ACRES May 8th 2019 Guest Speaker: Gary Farmer
Click the audio file at the bottom of this page to listen to Gary Farmer speak about Real Estate demand in Austin, Texas.
Please see the below summary written by Jan Buchholz from ATX Real Estate News:
A special thank you to Helen Jobes of Capella Commercial, who invited me as one of her guests to ACRES — Austin Commercial Real Estate Society. This was my first visit to this invitation-only crowd, which meets regularly at County Line Barbecue on Bee Caves Road.
That was the noon hour Wednesday when the wild and wooly thunderstorm rolled in, but it didn’t stand a chance of upstaging the guest speaker — Gary Farmer, president of Heritage Title and the face of Austin economic development.
He shared some compelling real time information about real estate demand: Austin still doesn’t have enough office space, even with everything that’s underway.
“We’re supply constrained in every (sub) market,” Farmer said.
Let this sink in — there are 166 active prospects at the Austin Chamber of Commerce. Of those, 80 are office users and one-fourth of those prospects are seeking 50,000 square feet or more. A dozen of those 20 prospects need 100,000 square feet or more. At a minimum, Austin needs 3 million square feet of additional office space — but that’s my calculation.
Here’s another eyeopener. Since Jan. 1, Austin has welcomed 71 new companies. Those are done deals. They have arrived in the past 4.5 months.
“We are not losing any momentum,” Farmer said.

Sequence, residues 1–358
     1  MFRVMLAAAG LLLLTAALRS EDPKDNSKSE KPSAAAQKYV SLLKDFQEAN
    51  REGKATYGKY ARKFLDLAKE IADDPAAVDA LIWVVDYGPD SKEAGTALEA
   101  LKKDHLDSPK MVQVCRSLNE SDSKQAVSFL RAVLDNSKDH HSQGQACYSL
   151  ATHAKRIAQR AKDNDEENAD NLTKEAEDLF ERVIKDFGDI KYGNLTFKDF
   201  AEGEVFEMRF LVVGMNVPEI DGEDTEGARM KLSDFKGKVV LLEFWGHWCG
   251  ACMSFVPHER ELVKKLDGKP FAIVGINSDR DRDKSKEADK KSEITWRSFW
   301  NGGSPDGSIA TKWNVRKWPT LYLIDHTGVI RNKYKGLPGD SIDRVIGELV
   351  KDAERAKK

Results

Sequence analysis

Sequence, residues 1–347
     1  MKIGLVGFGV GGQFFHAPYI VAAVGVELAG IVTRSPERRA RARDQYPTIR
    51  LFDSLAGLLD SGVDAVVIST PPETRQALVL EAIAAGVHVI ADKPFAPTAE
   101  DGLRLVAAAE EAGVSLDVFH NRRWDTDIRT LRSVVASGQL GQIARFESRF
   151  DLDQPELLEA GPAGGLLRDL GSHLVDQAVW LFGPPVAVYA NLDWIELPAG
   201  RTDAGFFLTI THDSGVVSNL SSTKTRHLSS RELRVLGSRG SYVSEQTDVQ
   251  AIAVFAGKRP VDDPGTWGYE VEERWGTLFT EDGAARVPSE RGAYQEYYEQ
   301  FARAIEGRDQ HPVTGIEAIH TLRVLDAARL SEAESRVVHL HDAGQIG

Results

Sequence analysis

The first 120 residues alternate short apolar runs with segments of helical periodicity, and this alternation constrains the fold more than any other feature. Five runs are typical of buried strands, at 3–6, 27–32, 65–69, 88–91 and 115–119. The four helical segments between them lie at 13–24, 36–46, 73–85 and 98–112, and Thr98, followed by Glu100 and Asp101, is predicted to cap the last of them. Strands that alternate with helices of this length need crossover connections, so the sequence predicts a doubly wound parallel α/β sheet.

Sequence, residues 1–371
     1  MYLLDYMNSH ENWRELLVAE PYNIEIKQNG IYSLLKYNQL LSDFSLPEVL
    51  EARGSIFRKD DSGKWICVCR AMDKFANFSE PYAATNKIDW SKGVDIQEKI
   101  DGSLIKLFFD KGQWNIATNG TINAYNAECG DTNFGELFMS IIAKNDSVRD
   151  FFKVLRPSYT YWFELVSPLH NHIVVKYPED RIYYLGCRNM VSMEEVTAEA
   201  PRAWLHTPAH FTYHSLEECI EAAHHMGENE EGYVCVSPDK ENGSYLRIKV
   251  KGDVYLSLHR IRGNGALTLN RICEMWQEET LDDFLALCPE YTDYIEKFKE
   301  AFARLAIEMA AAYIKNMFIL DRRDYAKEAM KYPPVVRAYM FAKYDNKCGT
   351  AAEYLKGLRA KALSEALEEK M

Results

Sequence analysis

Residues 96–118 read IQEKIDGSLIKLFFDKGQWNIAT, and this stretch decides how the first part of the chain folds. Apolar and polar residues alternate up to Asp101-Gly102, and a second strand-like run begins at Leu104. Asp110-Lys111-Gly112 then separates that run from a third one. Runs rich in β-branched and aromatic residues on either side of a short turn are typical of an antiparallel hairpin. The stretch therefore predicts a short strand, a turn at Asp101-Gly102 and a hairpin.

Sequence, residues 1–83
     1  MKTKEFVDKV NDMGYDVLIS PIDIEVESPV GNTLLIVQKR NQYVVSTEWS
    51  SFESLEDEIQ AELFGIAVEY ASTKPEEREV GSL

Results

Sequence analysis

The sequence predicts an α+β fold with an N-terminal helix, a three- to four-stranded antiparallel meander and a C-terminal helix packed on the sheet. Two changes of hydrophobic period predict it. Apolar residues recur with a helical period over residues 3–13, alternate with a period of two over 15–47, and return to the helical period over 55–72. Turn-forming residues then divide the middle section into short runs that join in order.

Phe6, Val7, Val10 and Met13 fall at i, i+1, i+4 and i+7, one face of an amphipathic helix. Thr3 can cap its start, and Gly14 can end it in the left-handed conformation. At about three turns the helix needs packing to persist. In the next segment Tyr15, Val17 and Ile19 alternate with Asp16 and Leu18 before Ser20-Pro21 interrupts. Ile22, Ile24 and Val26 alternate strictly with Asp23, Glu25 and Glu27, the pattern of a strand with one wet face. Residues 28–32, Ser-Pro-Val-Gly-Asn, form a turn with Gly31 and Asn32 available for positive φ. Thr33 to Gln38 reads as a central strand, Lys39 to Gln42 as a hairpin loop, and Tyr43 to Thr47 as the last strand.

Two industries new to Austin are driving a lot of unprecedented interest — healthcare/medical tech and national defense. What propelled that diversity beyond Austin’s strong tech core and government services?
The opening of the Dell Medical School at the University of Texas and the federal government’s decision to base the U.S. Army Futures Command division — taking advantage of the area’s deep pool of young talent.
Farmer believes an even more diverse economic base is possible, and is now drumming up support for between $2 million-$3 million to fund a new economic development program focused exclusively on foreign recruitment.
“Sixty four foreign companies have come to Austin without us even trying,” Farmer said. “Just think if we could cast the net wider.”
All of the numbers are impressive, and Farmer doesn’t miss a beat when reciting all the stats. My note-taking couldn’t keep up with him, but you get the picture.
So which cities are Austin’s top competition? There are just four, Farmer said:
Denver, my hometown.
Phoenix, my last career stop and one of my favorite places.
Raleigh-Durham, N.C. — never even been in that area of the country.
And Nashville, which has many similarities to our cool capital.
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